Fall this year has been warm, so the leaves even in early December are just starting to change.

Strategically placed behind the bike - and not staged - is a floor mat from a nearby bar or restaurant.

The owner of the establishment has hung it out to air or dry before business hours start in the evening.

The bridge is just south of Sanjo Dori with the Takase Canal in the background.

Behind the bike and to the left, there is a modern building designed by Tadao Ando.


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Monday, December 12, 2011

Kyoto Public Bath Kyogokuyu

Kyogoku sento Kyoto京都銭湯京極湯

Kyoto's neighborhood public baths are not dead yet.

Indeed, compared to other Japanese cities, the humble public bath seems to be holding on in Kyoto.

This bath, off Senbon Dori in north central Kyoto, is an old place that is worth a visit.

Most of the bathers are regulars and of a certain age, so visitors may be in for a bit of Japanese language practice.


Open 3 pm - midnight; closed Mondays
From the corner of Senbon - Nakadatchiuri, walk or ride one block east on Nakadachiuri. At the first small street turn left (north). After a few small blocks it is on the right.
Fee: 410 yen


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Sunday, December 11, 2011

This Week in World Cycling 11 December 2011

tofu seller bike kyoto今週のサイクリング2011年12月11日

After a Son Is Killed, Facing a Police Runaround New York Times

Emma Pooley seeks higher profile for women's cycling BBC

How two wheels and a camera recreated Tron light ribbons Guardian

Hall goes solo on global cycling record attempt Cycling News

Boris, technicien Vélib pour 1357 euros net hors primes Rue89

Guerrilla Lane El Pais

刚果:木头自行车畅销 Caijing

BSNYC Friday Fun Quiz! (Now With Electronic Shifting!) Bike Snob

Top 10 Gifts for Cyclists Yahoo

Last Week's Cycling News


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Saturday, December 10, 2011

High School Boys Cycling in Kyoto

Students cycling Kyoto京都でチャリ乗っている高校生

The school day is over! Ah, the joys of youth.

A group of high school boys, clad in their "gakuran" - old style uniforms - pound their all purpose "mama chari" bikes home or to who knows where near Taishogun Shrine.

The bikes have no gears, a simple basket, and almost never break down.

They all flashed smiles at me when I took their picture.


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Friday, December 9, 2011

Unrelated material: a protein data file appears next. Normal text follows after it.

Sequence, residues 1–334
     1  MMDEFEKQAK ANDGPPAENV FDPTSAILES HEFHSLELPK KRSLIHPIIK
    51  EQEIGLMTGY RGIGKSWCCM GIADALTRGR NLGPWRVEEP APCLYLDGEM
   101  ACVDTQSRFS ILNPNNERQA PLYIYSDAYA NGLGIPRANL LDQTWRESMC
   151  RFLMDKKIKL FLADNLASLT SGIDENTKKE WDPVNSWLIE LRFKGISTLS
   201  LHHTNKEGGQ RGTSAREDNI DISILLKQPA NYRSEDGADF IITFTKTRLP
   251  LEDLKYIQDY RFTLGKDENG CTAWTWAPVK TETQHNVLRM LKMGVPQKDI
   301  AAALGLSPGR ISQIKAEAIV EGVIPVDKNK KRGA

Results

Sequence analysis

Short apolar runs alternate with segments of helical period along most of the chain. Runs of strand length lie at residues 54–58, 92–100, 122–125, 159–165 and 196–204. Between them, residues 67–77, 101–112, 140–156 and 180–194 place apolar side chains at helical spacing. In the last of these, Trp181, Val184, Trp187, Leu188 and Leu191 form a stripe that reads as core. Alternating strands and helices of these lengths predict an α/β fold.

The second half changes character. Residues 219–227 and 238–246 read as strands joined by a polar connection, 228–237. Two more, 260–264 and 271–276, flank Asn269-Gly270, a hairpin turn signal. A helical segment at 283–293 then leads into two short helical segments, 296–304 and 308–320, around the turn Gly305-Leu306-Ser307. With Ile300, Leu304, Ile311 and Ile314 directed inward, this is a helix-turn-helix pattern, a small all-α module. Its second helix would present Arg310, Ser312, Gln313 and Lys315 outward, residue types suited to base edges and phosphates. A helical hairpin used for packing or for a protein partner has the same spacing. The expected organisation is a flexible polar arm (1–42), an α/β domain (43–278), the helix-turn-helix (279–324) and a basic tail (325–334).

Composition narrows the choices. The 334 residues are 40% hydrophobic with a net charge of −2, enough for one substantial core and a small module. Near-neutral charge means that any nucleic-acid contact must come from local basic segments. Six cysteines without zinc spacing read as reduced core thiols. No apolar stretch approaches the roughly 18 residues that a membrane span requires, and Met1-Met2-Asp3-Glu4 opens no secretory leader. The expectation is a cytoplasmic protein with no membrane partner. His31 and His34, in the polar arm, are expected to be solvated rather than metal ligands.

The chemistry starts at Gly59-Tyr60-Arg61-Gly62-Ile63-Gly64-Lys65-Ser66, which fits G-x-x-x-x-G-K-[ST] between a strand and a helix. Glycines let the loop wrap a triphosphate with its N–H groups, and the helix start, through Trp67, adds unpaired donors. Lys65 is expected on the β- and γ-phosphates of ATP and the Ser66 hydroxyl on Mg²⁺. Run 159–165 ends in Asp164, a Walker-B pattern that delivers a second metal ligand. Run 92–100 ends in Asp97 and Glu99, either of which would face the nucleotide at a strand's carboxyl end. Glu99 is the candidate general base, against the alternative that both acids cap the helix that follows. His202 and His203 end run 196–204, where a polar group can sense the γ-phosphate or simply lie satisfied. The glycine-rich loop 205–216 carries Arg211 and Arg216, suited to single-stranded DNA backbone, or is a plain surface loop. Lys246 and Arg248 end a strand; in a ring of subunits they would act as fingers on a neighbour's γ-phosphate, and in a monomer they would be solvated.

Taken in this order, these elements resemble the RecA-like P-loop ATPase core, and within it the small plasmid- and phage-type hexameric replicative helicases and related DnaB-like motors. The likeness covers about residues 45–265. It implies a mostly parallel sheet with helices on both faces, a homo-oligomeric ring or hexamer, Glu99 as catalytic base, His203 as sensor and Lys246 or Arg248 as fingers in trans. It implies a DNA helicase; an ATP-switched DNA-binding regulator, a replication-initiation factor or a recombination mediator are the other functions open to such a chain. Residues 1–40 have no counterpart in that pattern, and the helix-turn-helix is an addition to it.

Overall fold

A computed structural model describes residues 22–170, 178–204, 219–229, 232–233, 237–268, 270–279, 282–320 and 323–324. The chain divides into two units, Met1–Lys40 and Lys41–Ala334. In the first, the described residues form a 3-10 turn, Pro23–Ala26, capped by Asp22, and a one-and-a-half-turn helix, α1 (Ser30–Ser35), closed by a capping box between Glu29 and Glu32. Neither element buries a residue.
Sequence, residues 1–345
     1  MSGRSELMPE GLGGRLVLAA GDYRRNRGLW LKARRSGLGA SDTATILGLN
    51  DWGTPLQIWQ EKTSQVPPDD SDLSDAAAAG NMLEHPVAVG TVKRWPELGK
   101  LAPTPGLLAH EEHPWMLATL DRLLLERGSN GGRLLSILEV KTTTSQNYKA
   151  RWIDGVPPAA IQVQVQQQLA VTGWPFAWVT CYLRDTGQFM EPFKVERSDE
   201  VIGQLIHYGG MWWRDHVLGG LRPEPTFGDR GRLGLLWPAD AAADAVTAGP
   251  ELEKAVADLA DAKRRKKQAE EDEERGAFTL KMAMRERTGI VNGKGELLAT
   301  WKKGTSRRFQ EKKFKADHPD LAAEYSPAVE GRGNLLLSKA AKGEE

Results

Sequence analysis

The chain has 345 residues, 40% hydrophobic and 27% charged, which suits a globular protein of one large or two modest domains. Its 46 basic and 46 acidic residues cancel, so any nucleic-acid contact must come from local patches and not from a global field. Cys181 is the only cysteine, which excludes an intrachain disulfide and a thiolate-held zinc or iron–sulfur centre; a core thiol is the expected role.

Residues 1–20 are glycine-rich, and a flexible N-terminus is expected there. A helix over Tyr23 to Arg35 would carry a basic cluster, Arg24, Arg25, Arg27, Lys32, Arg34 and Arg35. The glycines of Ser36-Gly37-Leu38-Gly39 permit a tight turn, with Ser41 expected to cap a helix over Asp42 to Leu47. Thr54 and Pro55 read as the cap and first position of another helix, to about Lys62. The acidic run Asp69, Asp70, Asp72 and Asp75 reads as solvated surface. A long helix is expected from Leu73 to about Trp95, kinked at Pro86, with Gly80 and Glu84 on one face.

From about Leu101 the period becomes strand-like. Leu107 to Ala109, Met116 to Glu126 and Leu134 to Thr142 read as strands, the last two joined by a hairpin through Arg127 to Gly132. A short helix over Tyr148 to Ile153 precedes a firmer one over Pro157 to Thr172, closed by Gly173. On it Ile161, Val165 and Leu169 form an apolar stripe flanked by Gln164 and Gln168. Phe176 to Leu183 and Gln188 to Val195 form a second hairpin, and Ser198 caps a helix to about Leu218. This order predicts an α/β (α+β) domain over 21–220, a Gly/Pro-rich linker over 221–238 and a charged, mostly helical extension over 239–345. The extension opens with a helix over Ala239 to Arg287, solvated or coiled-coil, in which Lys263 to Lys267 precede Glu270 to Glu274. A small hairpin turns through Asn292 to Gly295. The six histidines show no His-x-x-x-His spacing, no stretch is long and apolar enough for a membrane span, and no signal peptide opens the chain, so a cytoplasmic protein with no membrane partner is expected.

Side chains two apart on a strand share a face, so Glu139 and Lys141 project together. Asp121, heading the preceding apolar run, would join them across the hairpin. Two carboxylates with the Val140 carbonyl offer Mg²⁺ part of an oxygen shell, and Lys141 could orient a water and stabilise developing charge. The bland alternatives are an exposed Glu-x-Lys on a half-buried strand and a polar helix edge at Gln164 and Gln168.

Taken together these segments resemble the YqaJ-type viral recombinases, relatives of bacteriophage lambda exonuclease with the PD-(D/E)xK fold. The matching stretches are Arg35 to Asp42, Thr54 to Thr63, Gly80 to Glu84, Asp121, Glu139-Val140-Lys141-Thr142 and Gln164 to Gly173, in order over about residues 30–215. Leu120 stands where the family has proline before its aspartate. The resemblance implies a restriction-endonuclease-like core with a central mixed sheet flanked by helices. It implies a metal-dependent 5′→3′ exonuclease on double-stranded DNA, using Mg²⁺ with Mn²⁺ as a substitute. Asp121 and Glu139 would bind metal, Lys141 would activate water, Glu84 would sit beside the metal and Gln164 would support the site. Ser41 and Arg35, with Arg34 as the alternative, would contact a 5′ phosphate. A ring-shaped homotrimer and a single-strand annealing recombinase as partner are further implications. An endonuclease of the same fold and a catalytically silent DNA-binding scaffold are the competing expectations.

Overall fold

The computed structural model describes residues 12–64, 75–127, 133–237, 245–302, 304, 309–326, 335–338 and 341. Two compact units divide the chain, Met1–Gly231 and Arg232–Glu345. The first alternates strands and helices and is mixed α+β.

Taishogun Shrine Flea Market

Taishogun Shrine Musician大将軍神社の音楽家とフリーマーケット

The small shrine known as Taishogun in north central Kyoto holds periodic flea markets in its narrow complex.

It is close to Kitano Tenmangu Shrine, which holds a much better known flea market held on the 25th of every month.

Kitano Tenmangu's Tenjin-san; Kobo-san, the flea market held on the 21st of every month at Toji Shrine; and Hyakumanben are the Big Three of Kyoto flea markets.

However, small markets flourish.

Taishogun is one example, and worth a visit.

On the first Sunday of every month, from 9 am - 4 pm, a low-key flea market takes place. Sellers spread out tarps and place their goods on top.

Recently, musicians have been hired to entertain. The accordian-playing woman was friendly and talented.

Taishogun Shrine ©

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Thursday, December 8, 2011

Cycling Toei Uzumasa Movie Park


Toei Kyoto Studio Park is a theme park in western Kyoto city that opened in in 1975 following the closing several years before of what had been one of Japan's great film studios.

Following the Great Kanto Earthquake, in 1923, which destroyed much of Tokyo, the film industry fled to Kyoto. Kyoto became the Hollywood of Asia, where most of the great Japanese films of almost 50 years were shot, either on location or at the studios.

Many of those were "jidaigeki" (period or samurai dramas).

At Toei Kyoto Studio Park, visitors can watch filming of period dramas and television programs. The park is still a working film studio.

In addition, you can put on period costumes.

For children, there are many game and animation related attractions.


10 Uzumasa-Higashihachigaokacho
Ukyo-ku, Kyoto 616-8586

Hours: December 1 - 31, 9:30 - 16:00; January 1 - February 29, 9:30 - 16:00; March 1 - November 30, 9:00 - 17:00

Fee (in yen): 2200 adults; 1300 yen junior and senior high school students; 1100 yen for children 4 - 12


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Wednesday, December 7, 2011

CycleKyoto Partner Site GoodsFromJapan


CycleKyoto's partner site Goods From Japan has recently been updated with a new design just in time for Christmas present from Japan.

Popular gifts for Christmas are baseball caps, byobu, toy gyroscopes, and kendama.

Cycling goods from Japan are coming soon.


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Tuesday, December 6, 2011

Cycling Fushimi Canal Kyoto

Boat in Fushimi Canal伏見運河宇治川